The artist about herself:
"After the graduation and till last year, I had been living in internal exile. I manage not to moan and complain. My serious attitude to miracles and firm belief in them as the central phenomenon of this world help make friends, find students, love children, cook for volunteers, and make portraits of political prisoners seeing in them modern saints (which is actually true).
At different periods of my life, I would have given different answers to the question why I do art. Initially, it was purely because of feeling high when painting. Later, art became my way of speaking – not just a search, but a way to express my thoughts and ideas. Now my art is neither about a game nor about the excitement, but rather about inability to stay silent and hide things that my loved ones and I believe to matter – injustice, violence, physical and spiritual murders, imprisonment, and tortures. Art merges with the processes evolving around, making silence impossible. From now on, it is only being that everything serves – either the good or the evil.
I am an outsider. In no way do I fit this society. Rebellion is my way of life – I am far from being a highbrow artist with a palette. I do everything either spontaneously or don’t start it at all. That’s my nature. There are people of discipline, and there are people like me – self-taught whizzkids.
My youth was more than marginal – I tried both drugs and rock-n-roll and believed that sometimes art was about that freedom. The freer you are, the more powerful your art is. Young contemporary artists lack it. They don’t have to lose themselves into drinking to find their mission and discover this drive.
I live in the times one cannot live in. But I do, and this reality is something you can’t separate yourself from, it’s impossible not to be in it. I find it important that my daughter sees my artworks and understands their honesty. Through my art, I address people however realizing I would not ease their pain, but at least they would know that both in the present and future they are not alone.
A search for the emotional and spiritual truth is inherent in my art, but I do my best to get rid of it. Emotion prevents you from expressing a deep thought because by evoking a certain feedback you risk getting stuck at that, purely emotional, level. Beyond emotions, another dialogue unfolds – a more genuine and clearer one, closer to the point. My art strives not to trigger emotions. I would like to express some memorable things. Like the funeral of a close person, for example, and suddenly – a barking dog. So, this barking is something I would like to put in my painting, and it would be neither good nor bad. Instead, it is going to share a thought about how and what brought us there and how we are going to get out of it.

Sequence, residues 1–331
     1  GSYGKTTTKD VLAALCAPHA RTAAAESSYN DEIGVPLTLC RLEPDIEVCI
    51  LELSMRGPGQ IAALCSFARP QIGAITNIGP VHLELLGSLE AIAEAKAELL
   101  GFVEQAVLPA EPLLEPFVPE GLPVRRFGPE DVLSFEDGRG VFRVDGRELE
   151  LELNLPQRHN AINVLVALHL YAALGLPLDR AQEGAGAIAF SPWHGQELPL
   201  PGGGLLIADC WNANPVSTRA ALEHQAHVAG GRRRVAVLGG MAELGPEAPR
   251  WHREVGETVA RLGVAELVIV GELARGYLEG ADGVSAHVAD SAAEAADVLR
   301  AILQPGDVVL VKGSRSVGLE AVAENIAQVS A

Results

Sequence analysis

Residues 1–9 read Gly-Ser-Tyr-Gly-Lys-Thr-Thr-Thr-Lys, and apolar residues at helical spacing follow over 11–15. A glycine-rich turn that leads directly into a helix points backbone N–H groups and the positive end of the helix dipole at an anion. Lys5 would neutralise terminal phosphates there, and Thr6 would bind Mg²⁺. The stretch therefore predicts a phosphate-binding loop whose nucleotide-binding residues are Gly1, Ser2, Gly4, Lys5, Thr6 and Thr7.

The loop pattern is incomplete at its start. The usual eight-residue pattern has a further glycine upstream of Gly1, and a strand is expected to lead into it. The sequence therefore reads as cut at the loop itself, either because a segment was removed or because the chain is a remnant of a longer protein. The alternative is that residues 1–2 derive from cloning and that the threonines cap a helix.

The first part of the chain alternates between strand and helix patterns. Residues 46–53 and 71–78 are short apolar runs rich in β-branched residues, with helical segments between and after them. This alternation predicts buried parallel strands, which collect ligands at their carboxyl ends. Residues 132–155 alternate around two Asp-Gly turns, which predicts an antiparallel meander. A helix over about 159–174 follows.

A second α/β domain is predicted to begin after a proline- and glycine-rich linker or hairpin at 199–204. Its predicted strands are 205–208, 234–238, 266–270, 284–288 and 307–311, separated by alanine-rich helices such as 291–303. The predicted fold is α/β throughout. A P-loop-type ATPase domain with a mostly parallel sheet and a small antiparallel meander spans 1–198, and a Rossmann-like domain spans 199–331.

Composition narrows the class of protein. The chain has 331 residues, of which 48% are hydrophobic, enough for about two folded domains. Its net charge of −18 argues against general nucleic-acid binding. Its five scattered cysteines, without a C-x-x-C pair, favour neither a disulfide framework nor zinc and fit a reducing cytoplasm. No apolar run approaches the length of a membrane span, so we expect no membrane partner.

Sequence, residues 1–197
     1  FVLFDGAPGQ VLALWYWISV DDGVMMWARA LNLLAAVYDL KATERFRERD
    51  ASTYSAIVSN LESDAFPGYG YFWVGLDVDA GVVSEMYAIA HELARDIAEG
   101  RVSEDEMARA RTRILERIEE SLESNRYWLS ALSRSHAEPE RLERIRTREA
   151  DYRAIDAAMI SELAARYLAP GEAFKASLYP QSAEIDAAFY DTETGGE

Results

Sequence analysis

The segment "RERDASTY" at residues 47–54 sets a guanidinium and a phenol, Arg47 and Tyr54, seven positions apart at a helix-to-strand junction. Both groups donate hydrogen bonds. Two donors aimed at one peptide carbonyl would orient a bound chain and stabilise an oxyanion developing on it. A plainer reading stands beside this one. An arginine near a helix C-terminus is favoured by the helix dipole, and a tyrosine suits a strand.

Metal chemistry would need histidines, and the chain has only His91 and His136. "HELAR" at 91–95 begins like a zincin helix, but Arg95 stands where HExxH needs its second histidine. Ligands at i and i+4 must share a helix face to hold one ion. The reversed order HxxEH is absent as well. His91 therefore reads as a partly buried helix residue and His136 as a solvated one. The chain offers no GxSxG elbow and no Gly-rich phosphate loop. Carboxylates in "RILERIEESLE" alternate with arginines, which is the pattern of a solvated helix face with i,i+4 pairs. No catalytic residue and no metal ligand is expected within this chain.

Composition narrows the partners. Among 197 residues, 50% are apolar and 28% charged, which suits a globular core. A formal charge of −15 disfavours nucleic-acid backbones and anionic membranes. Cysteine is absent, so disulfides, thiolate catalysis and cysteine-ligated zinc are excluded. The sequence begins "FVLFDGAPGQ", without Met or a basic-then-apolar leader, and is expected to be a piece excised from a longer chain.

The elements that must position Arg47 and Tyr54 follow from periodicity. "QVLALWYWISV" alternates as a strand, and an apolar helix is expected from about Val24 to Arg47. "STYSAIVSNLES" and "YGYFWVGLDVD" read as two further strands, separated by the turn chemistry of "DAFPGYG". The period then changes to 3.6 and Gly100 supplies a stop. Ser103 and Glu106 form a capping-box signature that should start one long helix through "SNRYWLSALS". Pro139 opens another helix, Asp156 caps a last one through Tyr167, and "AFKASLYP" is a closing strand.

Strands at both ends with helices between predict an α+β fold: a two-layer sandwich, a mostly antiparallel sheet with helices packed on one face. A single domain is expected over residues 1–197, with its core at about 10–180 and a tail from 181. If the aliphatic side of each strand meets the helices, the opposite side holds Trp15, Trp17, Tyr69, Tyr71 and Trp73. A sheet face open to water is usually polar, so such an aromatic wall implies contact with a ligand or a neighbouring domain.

There is one piece of art that seems to be of no value, but I somehow see it as the most important for me right now. It has been made this year and features legionnaires beating a lying man, women with kids pulled by their hair9. It is a genre piece with not the best composition – the women in it resemble clouds in weird chitons. The man dressed in white in a puddle of blood. The legionnaires that look like masked spidermen with red eyes. This painting is my response to violence.
Preparation always takes me a long time – I keep on thinking while getting my canvases and paints ready, it is important for me to have a lot of material at hand. I do not start a piece until I have gathered everything, but then, when all is finally ready and when I am ready, too, I paint very fast. It is like me hanging from the cliff with my arms aching from the tension. I work in a rush, at lightning speed, with exploding blood vessels and my hand getting numb. Daily baby steps or nine-to-five routine are not my cup of tea, I can work only I am deep into the process.
I am not really active in the artists’ community. Recognition certainly matters to me, but it is not that I can get there. Maybe because my artworks are very careless, and I am not meticulous, accurate or precise. I love my understatement. In the material itself there lies a process, an imprint of life, similar to that of a living organism. There is a movement made by the viewer’s mind – not by the artist’s brush.
My daily routine now is the Hell. I live in the hell. My friends are in prison, my daughter is getting crazy, my son has been forced into immigration and is now studying away from home – all these because the state can kill, cheat, and maim. And if in the past I managed to live a parallel life and to have nothing to do with the state, now it has become clear that we were living in illusion and, having seen the reality, we can’t and needn’t get back to it. We have lost time and are now paying for the silence. If there is any paint left on my palette after I have finished with my hell, I am going to paint a bouquet. I am going to use bouquets and flowers to bandage my wounds.
I cannot manage family relationships. No one has succeeded in bearing me, and my children are probably having a hard time. In art, there is some force that behaves if not as destructive, then as pushing the other force away. I failed to live with my partner, but I find it very easy to combine motherhood and art: if I were to choose between cooking and painting, I’d choose the former. That’s my priority. But the soup might have the color and the shades of the palette I wanted to have and might not be so edible, but rather aesthetic. It’s my artistic approach. And thus we would be eating flowers, not looking at the painting". – © secondaryarchive.org / Edited by Anna Karpenko and Sophia Sadovskaya (2022).